Photo of early childhood educator and two children making paintingsCUPE Nova Scotia is urging the provincial government to release details of the compensation framework for early childhood educators (ECEs) that was promised to begin this Fall.

“ECEs are beyond frustrated with the lack of clarity and transparency around the bilateral agreement that was signed more than 17 months ago,” says CUPE Nova Scotia President Nan McFadgen. “This is utterly disrespectful to these workers, who give everything they have to the children and families in their care.”

Childcare workers in Halifax and across the province are planning a day of action on September 8 to remind the government that ECEs cannot wait any longer.

“These workers, mostly women, need to know if they will be able to afford to stay in their chosen profession,” says McFadgen. “The median wage of $17 an hour is not enough to cover rent, bills and put food on the table. Working without sick benefits is unsustainable. Working without a pension is working without a future.”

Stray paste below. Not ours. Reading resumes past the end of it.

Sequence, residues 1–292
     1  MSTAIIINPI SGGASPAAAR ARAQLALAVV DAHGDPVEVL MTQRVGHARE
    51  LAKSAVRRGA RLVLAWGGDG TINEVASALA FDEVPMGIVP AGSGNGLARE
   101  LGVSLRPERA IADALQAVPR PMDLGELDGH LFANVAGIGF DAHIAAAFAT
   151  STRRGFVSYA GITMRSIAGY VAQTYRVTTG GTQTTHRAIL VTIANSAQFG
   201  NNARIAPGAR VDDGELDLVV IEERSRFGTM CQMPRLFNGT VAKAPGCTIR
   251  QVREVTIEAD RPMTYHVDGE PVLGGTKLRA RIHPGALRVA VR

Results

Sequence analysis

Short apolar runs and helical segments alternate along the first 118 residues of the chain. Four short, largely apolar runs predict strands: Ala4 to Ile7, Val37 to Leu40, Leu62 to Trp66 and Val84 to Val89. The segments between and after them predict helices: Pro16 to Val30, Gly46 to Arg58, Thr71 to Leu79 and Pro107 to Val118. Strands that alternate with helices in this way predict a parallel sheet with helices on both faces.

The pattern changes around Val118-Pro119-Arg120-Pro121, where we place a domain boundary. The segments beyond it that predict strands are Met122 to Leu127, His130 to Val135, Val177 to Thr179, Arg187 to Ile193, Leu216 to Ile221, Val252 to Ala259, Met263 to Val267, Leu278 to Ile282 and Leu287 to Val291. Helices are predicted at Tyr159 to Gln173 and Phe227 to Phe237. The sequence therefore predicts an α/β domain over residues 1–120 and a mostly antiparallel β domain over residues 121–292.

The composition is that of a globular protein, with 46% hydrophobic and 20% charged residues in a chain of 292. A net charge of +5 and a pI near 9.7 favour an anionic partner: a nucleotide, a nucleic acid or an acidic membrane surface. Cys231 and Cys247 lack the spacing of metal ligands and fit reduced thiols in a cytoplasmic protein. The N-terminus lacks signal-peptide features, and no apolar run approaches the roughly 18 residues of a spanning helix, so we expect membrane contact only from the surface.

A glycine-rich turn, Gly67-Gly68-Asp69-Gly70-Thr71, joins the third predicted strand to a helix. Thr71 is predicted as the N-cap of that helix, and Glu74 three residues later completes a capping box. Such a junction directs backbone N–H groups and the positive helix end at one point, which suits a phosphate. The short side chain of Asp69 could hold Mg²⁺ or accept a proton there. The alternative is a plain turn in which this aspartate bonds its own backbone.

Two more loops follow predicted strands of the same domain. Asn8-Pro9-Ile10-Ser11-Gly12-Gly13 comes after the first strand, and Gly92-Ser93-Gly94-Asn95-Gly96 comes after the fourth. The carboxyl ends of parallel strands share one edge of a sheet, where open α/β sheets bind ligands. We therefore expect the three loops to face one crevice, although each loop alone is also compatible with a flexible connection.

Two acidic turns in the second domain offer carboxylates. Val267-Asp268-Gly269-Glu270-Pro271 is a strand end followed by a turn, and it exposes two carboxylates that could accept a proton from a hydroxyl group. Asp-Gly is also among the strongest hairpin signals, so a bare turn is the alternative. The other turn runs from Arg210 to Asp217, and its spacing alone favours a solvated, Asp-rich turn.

A 2019 study by the Canadian Centre for Policy Alternatives found that 82 per cent of the licensed childcare facilities surveyed had trouble recruiting and retaining qualified staff, and that ECEs felt “unappreciated and underpaid.”

“We cannot continue to place the burden of childcare on the backs of underpaid workers, who cannot afford the system they are expected to create,” McFadgen says. “Without ECEs there will be no childcare spaces.”

CUPE represents staff at seven non-profit childcare centres in Halifax and Bridgewater.